The Daily Caller

The Daily Caller
              President Barack Obama and first lady Michelle Obama walk up as they board Air Force One at Andrews Air Force Base, Monday, Dec. 9, 2013. Obama and first lady are traveling to South Africa to attend tomorrow  President Barack Obama and first lady Michelle Obama walk up as they board Air Force One at Andrews Air Force Base, Monday, Dec. 9, 2013. Obama and first lady are traveling to South Africa to attend tomorrow's memorial service in South Africa honoring Nelson Mandela. (AP Photo/Pablo Martinez Monsivais)   

Obama set for six days of speed-diplomacy

Photo of Neil Munro
Neil Munro
White House Correspondent

President Barack Obama is going on a six-day trip next week to patch up widening cracks in U.S. alliances with governments in Europe, the Middle East, and Asia.

He’s going to begin meeting with European leaders on Monday to deal with their growing worries about Russia’s largely uncontested seizure of Crimea. “I’m sure the situation in the Ukraine will be front and center,” a White House official said.

He’ll hold meetings with presidents and prime ministers in the NATO alliance and then with the wealthy G-7 economic group. The G-7 group included Russia until it was kicked out after the Crimea takeover.

He’ll meet with China’s president on Monday to smooth relations with China, which recently used its new economic and military power to claim to control international airspace between Taiwan and Japan.

On Tuesday, he’ll meet with leaders from Japan and Korea to calm their routine tensions and to show a united front to their neighbor, China. The meeting is “a very important message…. a signal to our commitment to the security of North East Asia,” according to Susan Rice, Obama’s national security coordinator.

The trip may boost Obama’s low rating on foreign policy, but also may keep emerging conflicts contained until after November. That would help him reduce the growing chance of the GOP Senate takeover.

He’s flying into Saudi Arabia on Friday to meet with the Saudi King, who is worried that Obama’s support of anti-Saudi governments in Egypt and Iran is undermining the security of his slowly modernizing autocracy. The Saudi king has already helped remove the Obama-backed Muslim Brotherhood government in Egypt, and is now funding rebel attacks against Iran’s Syrian ally.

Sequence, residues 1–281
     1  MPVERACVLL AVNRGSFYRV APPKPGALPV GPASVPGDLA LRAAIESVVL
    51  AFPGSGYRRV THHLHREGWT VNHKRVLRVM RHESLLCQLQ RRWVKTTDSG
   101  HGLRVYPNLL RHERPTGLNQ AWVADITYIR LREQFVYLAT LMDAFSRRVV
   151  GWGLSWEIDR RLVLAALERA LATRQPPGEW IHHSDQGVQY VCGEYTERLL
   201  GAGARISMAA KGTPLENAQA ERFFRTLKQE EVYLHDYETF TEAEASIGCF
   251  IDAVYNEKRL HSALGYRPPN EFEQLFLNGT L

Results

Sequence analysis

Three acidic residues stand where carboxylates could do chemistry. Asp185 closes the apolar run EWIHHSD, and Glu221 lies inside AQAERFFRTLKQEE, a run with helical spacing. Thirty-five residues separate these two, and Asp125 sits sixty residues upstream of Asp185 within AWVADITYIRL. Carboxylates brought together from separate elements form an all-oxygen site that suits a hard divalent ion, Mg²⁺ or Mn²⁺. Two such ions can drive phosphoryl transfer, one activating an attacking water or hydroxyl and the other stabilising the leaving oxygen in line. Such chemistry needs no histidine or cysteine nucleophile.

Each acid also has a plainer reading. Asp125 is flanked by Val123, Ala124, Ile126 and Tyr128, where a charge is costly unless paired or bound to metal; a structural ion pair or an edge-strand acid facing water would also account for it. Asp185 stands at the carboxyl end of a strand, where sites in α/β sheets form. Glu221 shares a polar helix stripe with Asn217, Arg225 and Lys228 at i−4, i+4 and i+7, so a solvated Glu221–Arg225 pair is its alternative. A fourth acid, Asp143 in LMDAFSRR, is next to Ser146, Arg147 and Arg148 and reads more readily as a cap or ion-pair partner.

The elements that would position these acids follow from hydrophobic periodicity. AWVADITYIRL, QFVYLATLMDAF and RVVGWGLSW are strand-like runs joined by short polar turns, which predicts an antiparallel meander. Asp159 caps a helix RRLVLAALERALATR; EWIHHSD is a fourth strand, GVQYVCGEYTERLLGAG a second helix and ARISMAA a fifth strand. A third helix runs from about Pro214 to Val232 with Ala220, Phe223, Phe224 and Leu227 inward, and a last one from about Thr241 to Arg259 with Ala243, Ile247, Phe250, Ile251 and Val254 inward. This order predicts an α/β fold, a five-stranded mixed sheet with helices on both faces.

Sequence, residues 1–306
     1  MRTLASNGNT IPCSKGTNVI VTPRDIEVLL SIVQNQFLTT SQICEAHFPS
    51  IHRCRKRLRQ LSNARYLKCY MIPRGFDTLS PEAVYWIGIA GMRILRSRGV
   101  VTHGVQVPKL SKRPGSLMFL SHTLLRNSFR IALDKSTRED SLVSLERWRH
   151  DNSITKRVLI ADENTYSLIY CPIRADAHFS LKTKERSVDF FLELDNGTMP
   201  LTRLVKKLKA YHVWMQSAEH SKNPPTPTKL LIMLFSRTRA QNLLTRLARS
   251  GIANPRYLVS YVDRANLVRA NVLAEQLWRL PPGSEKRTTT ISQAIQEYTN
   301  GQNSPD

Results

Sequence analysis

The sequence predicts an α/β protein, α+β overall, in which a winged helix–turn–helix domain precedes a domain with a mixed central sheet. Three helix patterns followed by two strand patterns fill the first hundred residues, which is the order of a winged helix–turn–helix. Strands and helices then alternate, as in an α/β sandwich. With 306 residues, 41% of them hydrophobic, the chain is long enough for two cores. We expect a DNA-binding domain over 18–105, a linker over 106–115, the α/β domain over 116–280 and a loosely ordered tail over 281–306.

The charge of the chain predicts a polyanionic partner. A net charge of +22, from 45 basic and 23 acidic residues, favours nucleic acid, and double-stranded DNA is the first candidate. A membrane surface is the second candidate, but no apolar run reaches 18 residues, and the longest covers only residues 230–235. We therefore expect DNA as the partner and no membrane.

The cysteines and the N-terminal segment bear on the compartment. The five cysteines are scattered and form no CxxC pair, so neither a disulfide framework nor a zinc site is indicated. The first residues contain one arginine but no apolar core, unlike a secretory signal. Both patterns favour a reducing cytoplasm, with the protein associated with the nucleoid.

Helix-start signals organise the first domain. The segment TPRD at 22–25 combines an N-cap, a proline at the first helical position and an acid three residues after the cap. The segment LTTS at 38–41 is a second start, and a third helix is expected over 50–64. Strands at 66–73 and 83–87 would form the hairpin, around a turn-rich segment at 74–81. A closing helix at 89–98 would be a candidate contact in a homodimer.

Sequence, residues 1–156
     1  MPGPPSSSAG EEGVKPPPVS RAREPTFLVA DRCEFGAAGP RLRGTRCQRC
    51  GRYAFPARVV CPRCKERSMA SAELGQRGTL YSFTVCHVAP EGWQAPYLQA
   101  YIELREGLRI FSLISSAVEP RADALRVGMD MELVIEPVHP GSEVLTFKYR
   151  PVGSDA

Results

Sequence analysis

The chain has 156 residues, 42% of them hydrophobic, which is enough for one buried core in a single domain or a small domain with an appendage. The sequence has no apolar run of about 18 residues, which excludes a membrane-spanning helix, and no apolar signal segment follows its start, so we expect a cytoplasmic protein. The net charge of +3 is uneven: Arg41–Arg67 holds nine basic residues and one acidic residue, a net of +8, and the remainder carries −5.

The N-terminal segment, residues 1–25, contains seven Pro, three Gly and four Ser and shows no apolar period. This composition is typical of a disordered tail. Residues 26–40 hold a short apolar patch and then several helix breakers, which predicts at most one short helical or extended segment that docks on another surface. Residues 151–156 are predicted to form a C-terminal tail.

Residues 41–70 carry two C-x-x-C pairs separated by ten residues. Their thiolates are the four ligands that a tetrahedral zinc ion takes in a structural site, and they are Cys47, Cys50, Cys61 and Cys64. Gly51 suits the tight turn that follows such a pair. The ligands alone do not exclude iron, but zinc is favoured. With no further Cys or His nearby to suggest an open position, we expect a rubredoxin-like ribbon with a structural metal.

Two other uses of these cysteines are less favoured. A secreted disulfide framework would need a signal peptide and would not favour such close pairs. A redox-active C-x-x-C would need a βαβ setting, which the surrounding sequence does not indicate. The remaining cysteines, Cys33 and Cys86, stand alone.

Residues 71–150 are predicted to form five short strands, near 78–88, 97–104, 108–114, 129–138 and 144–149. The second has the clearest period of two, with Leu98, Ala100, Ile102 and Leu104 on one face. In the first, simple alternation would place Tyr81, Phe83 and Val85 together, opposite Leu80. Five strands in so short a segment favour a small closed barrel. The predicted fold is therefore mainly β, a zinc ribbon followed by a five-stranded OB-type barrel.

Obama will also meet with the king of the smaller United Arab Emirates, which is located just a short distance from Iran’s militaristic and expansionist theocracy.

But Obama will have also have time for history, domestic politics and speechifying.

On Wednesday, he’ll give a big speech outlining his thoughts about U.S. and European relations. It will be “the signal speech of the trip,” said Rice.

Also on Wednesday, he’ll make a sobering visit to a World War I battlefield, 100 years after the unexpected industrial-age war wrecked European civilization. The chosen battlefield is Flanders, in Belgium, where mud-soaked British and Canadian soldiers fought German infantry in what would prove to be a futile practice-run for the even bloodier World War II.

He’s expected to tour the Coliseum in Rome on Thursday.

On Thursday, he’ll also visit with the new pope, Francis. They will talk about one of Obama’s talking points for the 2014 election, income inequality. But the pope will likely prod the president for his willingness to deconstruct the evolved basis for Western civilization, such as marriage and respect for human life.

In addition, Obama will hold three press conferences in Europe with foreign leaders.

Those events only allow for a few questions, but Obama will likely be pushed to offer more than symbolic support for Ukraine.

Obama is also expected to hold ceremonial meetings with the leaders of Holland, Belgium and Italy.

He leaves on Monday, and returns on Saturday.

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